Friends for Life Pet Photo Contest Our 17th Annual Pet Photo Contest kicks off on June 1st, 2015 when we will begin accepting photo submissions of your pet. This year we have made it easier for you to enter and submit your pet’s pictures(s). You can enter online at and submit your picture (the file should be 3300 pixels by 2550 pixels or 11″ X 8.5″ at 300 dpi). When taking the picture make sure it is at the highest resolution. All entries will be placed on our website and you may vote for your favorite entries online. Each vote costs just $1, with the top 83 animals earning a place in our 2016 “Friends for Life” calendar. Get your friends, family co-workers to vote for your pet!

Military Appreciation Day at the Zoo is June 18 The Montgomery Area Chamber of Commerce will hold its annual Military Appreciation Day at the Montgomery Zoo Thursday, June 18. All active-duty and retired military personnel and their families will be admitted free with a valid military ID. “Military Appreciation Day at the Zoo is just one small way to express our gratitude to the military families who sacrifice so much for our country and who also contribute greatly to making the River Region a better place to live,” said Montgomery Area Chamber of Commerce Chairman of the Board of Directors W. Russell Tyner. Military families will enjoy free admission to the Montgomery Zoo and the Mann Wildlife Learning Museum as well as free train rides. Lunch, beverages and refreshments will also be provided. The event will take place from 9 am to 5 pm at the Montgomery Zoo, 2301 Coliseum Parkway. Lunch will be served from 11:45 a.m. until 2 p.m. At noon, Montgomery Mayor Todd Strange and Air University Commander and President Lt. Gen. Steven L. Kwast will address those in attendance. The presenting sponsor of Military Appreciation Day at the Zoo is Guardian Credit Union. For more information call 334.230.8361 or visit the zoo at The Montgomery Ostomy Support Group is for people who have had or will have urinary or intestinal diversion surgeries such as colostomy, ileostomy and urostomy. Family members are welcome to attend. Meetings are held at Frazer Memorial Methodist Church every other month generally on a Sunday afternoon. For more information, call Paul at 271-3563 or visit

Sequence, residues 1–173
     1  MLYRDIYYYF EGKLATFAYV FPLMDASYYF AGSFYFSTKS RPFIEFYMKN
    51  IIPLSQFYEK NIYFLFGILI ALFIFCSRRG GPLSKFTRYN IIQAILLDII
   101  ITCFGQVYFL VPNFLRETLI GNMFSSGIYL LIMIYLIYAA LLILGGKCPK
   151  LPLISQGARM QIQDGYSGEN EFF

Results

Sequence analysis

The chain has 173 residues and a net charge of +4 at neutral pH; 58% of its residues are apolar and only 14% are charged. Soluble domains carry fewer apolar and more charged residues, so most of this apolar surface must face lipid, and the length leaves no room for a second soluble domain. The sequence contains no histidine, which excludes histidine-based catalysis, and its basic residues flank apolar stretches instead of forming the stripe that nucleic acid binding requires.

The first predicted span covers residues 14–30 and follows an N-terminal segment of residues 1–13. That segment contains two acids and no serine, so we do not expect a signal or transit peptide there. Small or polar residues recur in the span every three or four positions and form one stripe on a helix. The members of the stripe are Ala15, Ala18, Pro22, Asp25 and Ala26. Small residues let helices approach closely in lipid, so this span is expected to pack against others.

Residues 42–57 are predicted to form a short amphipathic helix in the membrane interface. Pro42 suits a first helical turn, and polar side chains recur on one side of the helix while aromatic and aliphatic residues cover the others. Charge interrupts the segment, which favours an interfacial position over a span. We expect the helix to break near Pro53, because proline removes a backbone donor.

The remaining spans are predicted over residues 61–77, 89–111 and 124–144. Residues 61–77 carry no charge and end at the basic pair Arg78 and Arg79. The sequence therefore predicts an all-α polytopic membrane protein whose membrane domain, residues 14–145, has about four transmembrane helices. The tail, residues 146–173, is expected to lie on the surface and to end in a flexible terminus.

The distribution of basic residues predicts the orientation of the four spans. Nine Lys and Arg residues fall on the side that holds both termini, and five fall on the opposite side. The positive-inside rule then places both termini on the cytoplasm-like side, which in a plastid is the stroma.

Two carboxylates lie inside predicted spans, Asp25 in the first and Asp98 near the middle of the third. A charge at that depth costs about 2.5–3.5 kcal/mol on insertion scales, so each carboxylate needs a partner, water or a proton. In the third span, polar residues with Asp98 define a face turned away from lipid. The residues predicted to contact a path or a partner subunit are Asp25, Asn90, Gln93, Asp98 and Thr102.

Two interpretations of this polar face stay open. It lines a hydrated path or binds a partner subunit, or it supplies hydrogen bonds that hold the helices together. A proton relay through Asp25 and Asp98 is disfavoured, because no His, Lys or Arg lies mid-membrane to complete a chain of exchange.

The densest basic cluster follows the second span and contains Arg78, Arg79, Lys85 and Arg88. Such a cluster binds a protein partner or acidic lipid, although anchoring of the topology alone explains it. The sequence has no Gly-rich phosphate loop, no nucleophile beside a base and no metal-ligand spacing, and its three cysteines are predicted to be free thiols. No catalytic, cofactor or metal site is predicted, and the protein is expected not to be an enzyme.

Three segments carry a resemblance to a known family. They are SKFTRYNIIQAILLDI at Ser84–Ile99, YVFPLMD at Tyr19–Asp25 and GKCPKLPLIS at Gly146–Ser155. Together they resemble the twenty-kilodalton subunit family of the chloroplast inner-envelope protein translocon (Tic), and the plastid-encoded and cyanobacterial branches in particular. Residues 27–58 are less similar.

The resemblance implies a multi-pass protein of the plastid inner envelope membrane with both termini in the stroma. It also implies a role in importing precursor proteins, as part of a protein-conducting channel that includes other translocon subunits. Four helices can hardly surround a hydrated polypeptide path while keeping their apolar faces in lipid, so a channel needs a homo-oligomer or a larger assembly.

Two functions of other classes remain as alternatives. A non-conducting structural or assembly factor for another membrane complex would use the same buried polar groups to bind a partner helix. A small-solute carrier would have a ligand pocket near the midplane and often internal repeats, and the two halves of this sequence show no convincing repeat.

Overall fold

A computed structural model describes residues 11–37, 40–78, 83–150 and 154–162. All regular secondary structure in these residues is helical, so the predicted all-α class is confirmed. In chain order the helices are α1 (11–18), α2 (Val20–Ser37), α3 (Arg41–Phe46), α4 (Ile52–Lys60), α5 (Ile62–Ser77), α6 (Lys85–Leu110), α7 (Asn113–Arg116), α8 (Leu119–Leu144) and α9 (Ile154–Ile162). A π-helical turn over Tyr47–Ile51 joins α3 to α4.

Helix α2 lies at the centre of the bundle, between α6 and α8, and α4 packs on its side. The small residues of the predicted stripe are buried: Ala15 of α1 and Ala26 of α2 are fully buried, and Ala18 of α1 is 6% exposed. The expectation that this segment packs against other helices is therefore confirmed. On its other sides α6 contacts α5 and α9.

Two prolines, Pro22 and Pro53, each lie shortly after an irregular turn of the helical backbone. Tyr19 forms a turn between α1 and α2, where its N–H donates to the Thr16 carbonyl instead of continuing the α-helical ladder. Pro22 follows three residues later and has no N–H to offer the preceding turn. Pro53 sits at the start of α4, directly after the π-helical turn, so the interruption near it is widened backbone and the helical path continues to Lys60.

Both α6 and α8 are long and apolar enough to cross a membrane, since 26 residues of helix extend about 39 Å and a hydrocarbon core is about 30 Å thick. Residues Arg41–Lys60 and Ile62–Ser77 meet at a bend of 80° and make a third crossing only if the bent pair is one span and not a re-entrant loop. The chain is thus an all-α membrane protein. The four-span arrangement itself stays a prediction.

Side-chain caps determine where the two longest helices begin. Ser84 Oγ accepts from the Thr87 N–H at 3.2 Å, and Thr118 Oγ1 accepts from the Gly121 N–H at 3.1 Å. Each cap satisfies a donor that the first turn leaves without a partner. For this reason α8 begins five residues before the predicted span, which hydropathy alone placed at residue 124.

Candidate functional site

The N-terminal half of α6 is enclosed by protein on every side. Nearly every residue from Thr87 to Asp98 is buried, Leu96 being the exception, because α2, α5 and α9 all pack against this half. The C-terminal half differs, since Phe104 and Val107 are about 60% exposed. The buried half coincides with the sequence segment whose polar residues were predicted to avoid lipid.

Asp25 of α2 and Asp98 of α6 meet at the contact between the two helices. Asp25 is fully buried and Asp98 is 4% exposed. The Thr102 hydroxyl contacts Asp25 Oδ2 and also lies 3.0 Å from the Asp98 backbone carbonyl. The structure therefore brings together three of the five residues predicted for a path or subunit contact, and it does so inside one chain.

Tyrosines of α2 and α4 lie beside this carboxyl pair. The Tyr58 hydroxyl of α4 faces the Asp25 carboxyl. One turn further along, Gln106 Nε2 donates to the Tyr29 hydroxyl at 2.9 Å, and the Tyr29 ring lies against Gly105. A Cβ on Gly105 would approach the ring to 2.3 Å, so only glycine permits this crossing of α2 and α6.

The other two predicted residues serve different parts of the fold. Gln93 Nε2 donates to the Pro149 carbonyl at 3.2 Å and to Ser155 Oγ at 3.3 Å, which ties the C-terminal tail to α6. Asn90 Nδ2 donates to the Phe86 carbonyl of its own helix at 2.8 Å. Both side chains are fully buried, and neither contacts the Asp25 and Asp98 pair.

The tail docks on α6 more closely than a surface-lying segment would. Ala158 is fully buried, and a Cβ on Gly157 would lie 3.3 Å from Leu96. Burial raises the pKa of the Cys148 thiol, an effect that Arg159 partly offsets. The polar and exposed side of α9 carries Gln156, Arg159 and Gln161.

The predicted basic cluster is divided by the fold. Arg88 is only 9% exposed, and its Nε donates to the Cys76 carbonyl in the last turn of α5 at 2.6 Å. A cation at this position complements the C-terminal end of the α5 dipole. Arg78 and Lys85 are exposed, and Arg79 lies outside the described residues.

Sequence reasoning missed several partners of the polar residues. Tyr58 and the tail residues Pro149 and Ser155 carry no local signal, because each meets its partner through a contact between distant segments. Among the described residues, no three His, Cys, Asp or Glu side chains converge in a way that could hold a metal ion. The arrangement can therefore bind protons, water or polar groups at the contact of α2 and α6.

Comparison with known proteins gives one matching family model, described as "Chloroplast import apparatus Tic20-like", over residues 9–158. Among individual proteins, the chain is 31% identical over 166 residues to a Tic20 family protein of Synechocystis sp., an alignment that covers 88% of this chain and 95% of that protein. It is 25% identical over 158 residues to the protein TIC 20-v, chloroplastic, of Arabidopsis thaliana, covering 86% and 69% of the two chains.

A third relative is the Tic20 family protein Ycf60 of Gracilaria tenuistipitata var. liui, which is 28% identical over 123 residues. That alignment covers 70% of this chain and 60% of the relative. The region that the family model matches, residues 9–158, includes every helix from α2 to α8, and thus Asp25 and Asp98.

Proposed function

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June 2015

The River Region’s 50+ Lifestage Magazine

BOOMERS, share your stuff with BOOM! We Love to Bring BOOMERS Together, send info and pics to

Alabama Garden Trail Make your way through the Alabama Garden Trail and enjoy the natural wonder and beauty these gorgeous landscapes have to offer. Because of the range of climates and soil conditions in Alabama, visitors can experience a variety of garden foliage and settings throughout the state. Explore the Alabama Garden Trail from the top of the state all the way down to the Gulf. No matter the season, you’re sure to find a stunning scene at any one of these featured destinations: Huntsville Botanical Garden, Birmingham Botanical Gardens, Aldridge Gardens, Jasmine Hill Gardens, Dothan Area Botanical Gardens, Mobile Botanical Gardens, Bellingrath Gardens. For more info visit

The Cloverdale Playhouse Presents Dinner with Friends Directed by Mike Winkelman. Winner of the 2000 Pulitzer Prize in Drama. Written by Donald Margulies. Meet Gabe and Karen and Tom and Beth. Two married couples who have been inseparable friends for all of their married lives, they’ve vowed to ‘grow old and fat’ together, vacationed with their kids together, and had many, many dinners together. They thought they would always be friends, but that’s not the case.... “...a modern masterpiece about the path you choose, the millions you don’t and the detours that make it worth the ride.” Recommended for ages 14+ , Sponsored by SUPER SUPPERS and AUM For tickets visit or call 334.262.1530